The Senate continues to work through the AFY23 by hearing from the departments and agencies in our state. This is part of the process of each chamber exercising their legislative responsibility.
The meeting of the Joint Senate Education and Higher Education Committees held their gathering listening to the various voices focusing on literacy. There were presentations by DECAL, GOSA, Get GA Reading, and SREB. All presenters provided perspective on the literacy challenge noting that teaching young children is most difficult due to the human factor. The child’s environment at home having the utmost impact on the reading preparedness of youngsters as they enter the doors of their elementary schools for the first time. A mid 1990’s study on the vocabulary words children hear and understand at home (click to review (HART and RISELY) summary) and how its affecting each child’s reading readiness, sheds a lot of light on the uphill literacy struggle based on a certain set of circumstances. The results of this research lines up with the challenges presented by some of the presenters at this Joint meeting. Noting that students show up to school at 5 years old thousands of vocabulary words behind the age appropriate expectation for each student to reach the goal of being able to read by the 3rd grade. This literacy/reading debate of the politicians continues and it is definitely sparking questions and conversation concerning the teaching of reading. One other key presentation was by Dr. Stephen Pruitt head of SREB who cited the Mississippi Miracle Click to read a short article on the Mississippi Miracle sharing their journey to reach some significant and sustained improvements in reading outcomes throughout the state which was an interesting piece of data. Mississippi now leads the nation in students gains in reading and other areas.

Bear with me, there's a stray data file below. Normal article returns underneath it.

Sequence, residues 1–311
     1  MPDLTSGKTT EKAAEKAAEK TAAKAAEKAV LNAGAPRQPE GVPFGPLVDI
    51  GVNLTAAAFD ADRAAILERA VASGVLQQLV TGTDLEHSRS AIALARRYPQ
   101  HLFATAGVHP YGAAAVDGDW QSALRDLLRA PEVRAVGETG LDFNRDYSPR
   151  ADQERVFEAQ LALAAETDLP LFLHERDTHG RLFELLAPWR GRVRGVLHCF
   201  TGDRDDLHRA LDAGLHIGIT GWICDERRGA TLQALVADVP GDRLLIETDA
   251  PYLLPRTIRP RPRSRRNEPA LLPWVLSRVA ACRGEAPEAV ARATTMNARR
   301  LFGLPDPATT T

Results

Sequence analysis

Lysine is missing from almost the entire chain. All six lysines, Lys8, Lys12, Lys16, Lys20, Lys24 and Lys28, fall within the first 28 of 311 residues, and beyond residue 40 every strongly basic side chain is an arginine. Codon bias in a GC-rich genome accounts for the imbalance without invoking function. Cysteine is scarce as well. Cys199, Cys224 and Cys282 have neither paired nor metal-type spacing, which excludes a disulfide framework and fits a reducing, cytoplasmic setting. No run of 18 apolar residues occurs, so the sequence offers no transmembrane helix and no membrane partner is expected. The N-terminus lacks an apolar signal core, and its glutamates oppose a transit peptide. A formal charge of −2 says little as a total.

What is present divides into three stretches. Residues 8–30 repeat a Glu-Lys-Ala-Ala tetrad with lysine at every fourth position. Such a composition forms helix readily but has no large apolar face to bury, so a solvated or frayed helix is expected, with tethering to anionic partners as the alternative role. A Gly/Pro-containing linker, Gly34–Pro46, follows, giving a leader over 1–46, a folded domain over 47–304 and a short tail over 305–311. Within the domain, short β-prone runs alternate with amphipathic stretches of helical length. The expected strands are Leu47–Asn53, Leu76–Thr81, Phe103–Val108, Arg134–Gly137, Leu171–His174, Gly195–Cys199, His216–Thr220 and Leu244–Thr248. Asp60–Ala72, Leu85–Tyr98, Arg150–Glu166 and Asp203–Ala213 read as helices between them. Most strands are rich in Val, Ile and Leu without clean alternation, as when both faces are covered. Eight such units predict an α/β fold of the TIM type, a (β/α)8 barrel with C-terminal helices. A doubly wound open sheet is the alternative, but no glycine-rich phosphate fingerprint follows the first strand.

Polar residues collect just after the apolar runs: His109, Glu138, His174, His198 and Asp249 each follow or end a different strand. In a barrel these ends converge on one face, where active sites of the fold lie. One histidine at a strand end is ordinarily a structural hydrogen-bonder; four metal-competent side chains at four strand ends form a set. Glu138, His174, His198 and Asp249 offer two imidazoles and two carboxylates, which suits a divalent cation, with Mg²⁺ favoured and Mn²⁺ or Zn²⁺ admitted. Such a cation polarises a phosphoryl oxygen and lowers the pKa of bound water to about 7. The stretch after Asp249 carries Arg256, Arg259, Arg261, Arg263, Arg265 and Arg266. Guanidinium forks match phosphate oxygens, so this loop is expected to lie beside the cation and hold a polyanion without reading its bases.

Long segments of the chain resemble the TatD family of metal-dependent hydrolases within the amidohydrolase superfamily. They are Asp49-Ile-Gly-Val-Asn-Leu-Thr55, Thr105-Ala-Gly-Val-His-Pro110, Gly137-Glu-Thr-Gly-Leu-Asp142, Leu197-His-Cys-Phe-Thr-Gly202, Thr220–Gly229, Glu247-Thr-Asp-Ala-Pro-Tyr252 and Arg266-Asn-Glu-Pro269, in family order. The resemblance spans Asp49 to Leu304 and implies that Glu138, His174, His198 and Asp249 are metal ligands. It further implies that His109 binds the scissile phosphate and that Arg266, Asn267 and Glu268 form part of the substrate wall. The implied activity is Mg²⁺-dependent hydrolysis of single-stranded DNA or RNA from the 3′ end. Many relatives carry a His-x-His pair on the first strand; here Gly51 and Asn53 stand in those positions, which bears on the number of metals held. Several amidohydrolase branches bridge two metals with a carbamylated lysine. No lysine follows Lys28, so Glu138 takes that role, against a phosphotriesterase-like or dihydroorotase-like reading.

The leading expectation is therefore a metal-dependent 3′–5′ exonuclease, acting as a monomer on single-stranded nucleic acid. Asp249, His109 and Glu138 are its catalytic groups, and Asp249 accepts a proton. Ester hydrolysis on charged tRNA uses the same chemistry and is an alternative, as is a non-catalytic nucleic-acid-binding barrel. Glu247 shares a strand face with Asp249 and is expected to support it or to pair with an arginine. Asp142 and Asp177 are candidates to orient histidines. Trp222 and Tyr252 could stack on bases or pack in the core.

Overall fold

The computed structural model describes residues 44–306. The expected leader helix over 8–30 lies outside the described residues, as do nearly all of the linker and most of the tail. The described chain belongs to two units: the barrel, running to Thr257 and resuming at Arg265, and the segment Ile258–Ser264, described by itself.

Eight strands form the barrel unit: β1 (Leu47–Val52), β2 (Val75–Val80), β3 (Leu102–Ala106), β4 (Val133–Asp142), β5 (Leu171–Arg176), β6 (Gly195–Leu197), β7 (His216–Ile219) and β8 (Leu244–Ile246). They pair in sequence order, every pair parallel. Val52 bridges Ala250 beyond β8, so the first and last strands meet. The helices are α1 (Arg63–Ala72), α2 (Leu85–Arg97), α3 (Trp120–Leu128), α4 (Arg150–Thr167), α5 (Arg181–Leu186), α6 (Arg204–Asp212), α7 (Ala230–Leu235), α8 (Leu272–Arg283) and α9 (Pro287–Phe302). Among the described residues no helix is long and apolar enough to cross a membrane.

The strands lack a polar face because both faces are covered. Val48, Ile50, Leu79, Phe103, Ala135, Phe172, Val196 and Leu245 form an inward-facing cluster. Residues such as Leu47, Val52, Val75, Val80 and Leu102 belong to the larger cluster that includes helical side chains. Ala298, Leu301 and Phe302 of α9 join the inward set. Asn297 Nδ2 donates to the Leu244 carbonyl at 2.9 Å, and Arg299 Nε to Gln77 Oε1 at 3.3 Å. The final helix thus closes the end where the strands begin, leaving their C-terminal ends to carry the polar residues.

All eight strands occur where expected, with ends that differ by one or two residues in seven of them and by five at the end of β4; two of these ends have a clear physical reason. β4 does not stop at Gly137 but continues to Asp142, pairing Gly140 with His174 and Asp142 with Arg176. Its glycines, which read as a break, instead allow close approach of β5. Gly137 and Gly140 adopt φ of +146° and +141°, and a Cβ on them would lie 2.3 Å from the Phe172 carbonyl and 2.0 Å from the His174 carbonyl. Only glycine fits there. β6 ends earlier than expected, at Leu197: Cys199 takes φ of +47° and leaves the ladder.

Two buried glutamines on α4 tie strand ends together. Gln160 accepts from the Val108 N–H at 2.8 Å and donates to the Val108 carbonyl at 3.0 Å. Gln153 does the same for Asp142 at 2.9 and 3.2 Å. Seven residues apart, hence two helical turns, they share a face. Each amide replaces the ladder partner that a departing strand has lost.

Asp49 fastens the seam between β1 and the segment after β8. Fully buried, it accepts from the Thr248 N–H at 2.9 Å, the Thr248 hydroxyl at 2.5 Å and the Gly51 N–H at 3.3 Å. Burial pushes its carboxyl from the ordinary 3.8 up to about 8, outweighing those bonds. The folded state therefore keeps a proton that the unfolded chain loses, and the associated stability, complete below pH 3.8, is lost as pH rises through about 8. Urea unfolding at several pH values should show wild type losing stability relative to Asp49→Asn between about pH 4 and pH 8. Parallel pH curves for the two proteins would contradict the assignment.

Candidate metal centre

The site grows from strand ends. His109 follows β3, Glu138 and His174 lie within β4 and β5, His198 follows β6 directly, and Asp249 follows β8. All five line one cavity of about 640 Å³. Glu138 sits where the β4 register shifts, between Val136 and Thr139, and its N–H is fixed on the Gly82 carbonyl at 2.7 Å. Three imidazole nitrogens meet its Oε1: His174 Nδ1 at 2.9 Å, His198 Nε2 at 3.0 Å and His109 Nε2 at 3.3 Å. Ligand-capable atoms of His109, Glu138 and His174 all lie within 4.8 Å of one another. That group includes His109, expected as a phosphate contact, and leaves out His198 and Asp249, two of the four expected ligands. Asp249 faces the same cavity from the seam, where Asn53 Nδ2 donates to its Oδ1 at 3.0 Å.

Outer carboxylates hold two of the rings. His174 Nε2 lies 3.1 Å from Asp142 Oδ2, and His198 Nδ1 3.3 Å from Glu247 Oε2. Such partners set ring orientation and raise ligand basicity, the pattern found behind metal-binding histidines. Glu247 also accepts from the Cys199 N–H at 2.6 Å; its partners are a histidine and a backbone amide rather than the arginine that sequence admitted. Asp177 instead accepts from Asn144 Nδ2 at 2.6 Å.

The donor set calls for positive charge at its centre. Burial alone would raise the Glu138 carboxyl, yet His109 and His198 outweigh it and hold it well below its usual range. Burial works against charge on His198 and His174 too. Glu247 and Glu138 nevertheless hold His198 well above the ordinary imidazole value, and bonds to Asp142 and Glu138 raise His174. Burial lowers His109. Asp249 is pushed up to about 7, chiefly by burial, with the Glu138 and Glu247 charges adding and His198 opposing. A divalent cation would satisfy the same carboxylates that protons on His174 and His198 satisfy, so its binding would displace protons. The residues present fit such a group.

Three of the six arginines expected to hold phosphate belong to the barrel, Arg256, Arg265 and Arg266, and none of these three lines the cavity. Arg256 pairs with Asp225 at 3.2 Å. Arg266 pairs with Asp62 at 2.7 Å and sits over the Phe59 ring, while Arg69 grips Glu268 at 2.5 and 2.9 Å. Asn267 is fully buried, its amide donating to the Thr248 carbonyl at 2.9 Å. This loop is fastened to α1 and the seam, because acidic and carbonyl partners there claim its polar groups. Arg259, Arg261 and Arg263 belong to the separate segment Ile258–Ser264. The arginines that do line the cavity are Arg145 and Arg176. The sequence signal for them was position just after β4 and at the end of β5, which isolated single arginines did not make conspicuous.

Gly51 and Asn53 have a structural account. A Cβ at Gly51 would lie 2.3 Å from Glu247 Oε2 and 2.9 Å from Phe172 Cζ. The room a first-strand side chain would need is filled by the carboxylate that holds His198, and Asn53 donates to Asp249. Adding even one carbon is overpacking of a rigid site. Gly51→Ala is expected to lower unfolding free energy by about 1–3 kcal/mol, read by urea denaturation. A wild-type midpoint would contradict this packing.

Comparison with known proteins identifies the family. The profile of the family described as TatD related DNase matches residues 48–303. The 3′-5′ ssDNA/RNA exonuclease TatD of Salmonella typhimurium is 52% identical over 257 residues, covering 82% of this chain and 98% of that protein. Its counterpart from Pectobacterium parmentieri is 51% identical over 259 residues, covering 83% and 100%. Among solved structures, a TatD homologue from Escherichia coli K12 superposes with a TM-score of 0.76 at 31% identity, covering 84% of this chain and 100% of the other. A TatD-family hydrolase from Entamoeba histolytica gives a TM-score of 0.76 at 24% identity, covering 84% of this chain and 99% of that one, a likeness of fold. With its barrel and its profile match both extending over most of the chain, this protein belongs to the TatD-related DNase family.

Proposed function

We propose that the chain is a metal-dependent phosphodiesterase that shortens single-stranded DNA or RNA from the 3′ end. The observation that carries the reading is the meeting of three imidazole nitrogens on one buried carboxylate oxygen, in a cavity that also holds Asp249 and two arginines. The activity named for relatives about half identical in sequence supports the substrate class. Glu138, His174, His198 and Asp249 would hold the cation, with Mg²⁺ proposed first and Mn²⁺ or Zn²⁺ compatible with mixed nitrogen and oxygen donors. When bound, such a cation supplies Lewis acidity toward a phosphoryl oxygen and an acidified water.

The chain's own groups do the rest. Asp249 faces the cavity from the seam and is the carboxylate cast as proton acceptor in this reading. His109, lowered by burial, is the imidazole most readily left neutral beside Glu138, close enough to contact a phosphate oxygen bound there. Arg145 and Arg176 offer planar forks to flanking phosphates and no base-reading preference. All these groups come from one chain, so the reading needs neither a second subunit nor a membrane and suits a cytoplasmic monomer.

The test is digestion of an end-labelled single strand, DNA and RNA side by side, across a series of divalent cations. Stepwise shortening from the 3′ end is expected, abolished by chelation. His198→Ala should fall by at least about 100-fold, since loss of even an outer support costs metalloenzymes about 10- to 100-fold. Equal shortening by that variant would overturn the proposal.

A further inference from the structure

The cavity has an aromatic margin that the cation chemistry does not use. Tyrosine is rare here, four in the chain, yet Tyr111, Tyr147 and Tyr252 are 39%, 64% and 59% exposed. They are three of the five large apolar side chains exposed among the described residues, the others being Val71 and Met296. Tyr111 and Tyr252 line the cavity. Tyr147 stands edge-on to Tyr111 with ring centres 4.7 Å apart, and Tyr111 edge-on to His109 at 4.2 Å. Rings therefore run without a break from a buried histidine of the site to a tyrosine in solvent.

There were no education bills heard in committee today. legislative day 15 is scheduled for tomorrow.
GSSA remains actively engaged in the political process and will provide information to assist our politicians to propose a balanced and reasonable policy approach to this complex educational/reading challenge.
You can post first response comment.